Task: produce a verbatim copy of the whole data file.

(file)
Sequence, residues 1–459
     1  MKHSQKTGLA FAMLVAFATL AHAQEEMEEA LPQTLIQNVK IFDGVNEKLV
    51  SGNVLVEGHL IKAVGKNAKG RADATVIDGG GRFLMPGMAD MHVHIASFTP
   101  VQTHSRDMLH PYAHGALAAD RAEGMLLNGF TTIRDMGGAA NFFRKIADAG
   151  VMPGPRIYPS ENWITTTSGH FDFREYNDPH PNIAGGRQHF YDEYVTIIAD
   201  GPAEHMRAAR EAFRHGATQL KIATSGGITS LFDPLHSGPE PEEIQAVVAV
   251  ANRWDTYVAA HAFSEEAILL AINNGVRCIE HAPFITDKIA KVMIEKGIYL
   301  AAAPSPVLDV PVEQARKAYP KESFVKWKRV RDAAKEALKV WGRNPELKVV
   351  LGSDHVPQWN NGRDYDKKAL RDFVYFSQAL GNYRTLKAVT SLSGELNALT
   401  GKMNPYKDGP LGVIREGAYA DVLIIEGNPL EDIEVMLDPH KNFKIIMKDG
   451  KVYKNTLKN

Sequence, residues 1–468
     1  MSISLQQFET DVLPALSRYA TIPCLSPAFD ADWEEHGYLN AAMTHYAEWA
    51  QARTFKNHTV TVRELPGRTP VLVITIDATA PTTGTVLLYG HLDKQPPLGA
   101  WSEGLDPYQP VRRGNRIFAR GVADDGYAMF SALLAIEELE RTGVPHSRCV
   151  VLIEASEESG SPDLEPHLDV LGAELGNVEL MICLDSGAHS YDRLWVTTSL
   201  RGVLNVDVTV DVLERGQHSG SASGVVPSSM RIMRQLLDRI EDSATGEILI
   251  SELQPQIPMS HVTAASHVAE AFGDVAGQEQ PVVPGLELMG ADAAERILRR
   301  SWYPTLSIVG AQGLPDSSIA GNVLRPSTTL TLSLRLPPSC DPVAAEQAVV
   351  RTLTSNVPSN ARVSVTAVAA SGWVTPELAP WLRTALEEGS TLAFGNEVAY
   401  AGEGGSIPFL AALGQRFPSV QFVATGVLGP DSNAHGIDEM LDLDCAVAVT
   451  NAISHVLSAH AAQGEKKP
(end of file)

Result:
Sequence, residues 1–459
     1  MKHSQKTGLA FAMLVAFATL AHAQEEMEEA LPQTLIQNVK IFDGVNEKLV
    51  SGNVLVEGHL IKAVGKNAKG RADATVIDGG GRFLMPGMAD MHVHIASFTP
   101  VQTHSRDMLH PYAHGALAAD RAEGMLLNGF TTIRDMGGAA NFFRKIADAG
   151  VMPGPRIYPS ENWITTTSGH FDFREYNDPH PNIAGGRQHF YDEYVTIIAD
   201  GPAEHMRAAR EAFRHGATQL KIATSGGITS LFDPLHSGPE PEEIQAVVAV
   251  ANRWDTYVAA HAFSEEAILL AINNGVRCIE HAPFITDKIA KVMIEKGIYL
   301  AAAPSPVLDV PVEQARKAYP KESFVKWKRV RDAAKEALKV WGRNPELKVV
   351  LGSDHVPQWN NGRDYDKKAL RDFVYFSQAL GNYRTLKAVT SLSGELNALT
   401  GKMNPYKDGP LGVIREGAYA DVLIIEGNPL EDIEVMLDPH KNFKIIMKDG
   451  KVYKNTLKN

Sequence, residues 1–468
     1  MSISLQQFET DVLPALSRYA TIPCLSPAFD ADWEEHGYLN AAMTHYAEWA
    51  QARTFKNHTV TVRELPGRTP VLVITIDATA PTTGTVLLYG HLDKQPPLGA
   101  WSEGLDPYQP VRRGNRIFAR GVADDGYAMF SALLAIEELE RTGVPHSRCV
   151  VLIEASEESG SPDLEPHLDV LGAELGNVEL MICLDSGAHS YDRLWVTTSL
   201  RGVLNVDVTV DVLERGQHSG SASGVVPSSM RIMRQLLDRI EDSATGEILI
   251  SELQPQIPMS HVTAASHVAE AFGDVAGQEQ PVVPGLELMG ADAAERILRR
   301  SWYPTLSIVG AQGLPDSSIA GNVLRPSTTL TLSLRLPPSC DPVAAEQAVV
   351  RTLTSNVPSN ARVSVTAVAA SGWVTPELAP WLRTALEEGS TLAFGNEVAY
   401  AGEGGSIPFL AALGQRFPSV QFVATGVLGP DSNAHGIDEM LDLDCAVAVT
   451  NAISHVLSAH AAQGEKKP